I did create a little problem.  The front axle is sitting about 1/4 inch from the rubber bumpers mounted to frame.  Since these bumpers are about three inches in height I am going to remove about half of that to see how it rides.

After all the changes I washed the car and headed to the car show for its debut in the Sacramento area.  The new radials did make the car track much better than the biased plies.  It did make it ride a little rougher because any little dip would bottom out the front end.  If removal of rubber from stops does not provide enough travel then I am going to replace the blocks with one inch blocks.  Or I could reinstall one spring.  But I am going to opt for the block because I think the 4 springs are very adequate for this vehicle and it should soften the ride just a little.  I think the 6 leaf springs were way more than was needed on the original car.  4 springs with some good gas shocks should provide a very comfortable ride.

The change in stance and the chrome smoothies with black wall tires have changed the appearance very much of the vehicle. 

By the way, total time for lowering the car raising the radiator and raising the motor was about 6 hours including parts running. I bought two sets of blocks and one set of u-bolts for total cost of $45.00.  (note, the spring mounting holes used by Glassic were about of an inch too narrow or you might say the blocks were about inch two wide.  That is why I had to use the new u bolts. plus I had in hand a mounting plate for below the spring that had wider holes to fit the u-bolts.  If someone does not have these then they would have to either make narrower lowering blocks or obtain new lower plates for the shock to mount to.)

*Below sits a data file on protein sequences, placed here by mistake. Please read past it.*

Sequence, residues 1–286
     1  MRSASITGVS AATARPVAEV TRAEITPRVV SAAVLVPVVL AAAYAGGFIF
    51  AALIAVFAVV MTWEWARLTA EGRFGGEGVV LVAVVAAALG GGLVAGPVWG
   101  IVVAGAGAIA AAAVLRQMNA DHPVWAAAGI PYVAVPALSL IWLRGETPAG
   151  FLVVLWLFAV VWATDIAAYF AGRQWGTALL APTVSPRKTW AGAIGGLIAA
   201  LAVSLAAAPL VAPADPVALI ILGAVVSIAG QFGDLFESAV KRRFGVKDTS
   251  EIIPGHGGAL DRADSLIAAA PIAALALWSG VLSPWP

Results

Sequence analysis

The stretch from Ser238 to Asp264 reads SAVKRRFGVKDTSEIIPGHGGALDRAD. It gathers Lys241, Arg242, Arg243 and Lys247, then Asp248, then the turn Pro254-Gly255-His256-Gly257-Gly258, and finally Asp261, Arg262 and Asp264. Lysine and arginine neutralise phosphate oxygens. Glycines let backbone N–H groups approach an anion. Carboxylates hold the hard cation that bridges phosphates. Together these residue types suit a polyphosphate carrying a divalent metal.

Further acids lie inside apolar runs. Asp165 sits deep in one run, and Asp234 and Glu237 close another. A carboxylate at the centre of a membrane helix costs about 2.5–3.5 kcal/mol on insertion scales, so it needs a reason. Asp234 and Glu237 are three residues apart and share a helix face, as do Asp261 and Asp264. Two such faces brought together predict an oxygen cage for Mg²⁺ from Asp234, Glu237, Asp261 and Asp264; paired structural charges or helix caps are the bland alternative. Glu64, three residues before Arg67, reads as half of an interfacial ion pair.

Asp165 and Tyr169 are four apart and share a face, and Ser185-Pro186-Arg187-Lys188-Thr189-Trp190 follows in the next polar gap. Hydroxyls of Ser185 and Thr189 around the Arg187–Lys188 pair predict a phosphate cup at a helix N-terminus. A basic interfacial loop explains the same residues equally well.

As for the problem on the 1978 regarding whether the bottom hose exits the left or right of the radiator.  Go to a good radiator shop (wholesale distributor for radiators)  They will let you look at pictures in the books.  Or you can change to water pump to the passenger side exit and then just purchase a 3 or 4 row mustang radiator.  It should be a bolt in change for all of it.  (Note: switching the water pump has not yet been verified to fit - ed.)



"How to convert to one wire alternator on 74 Glassic"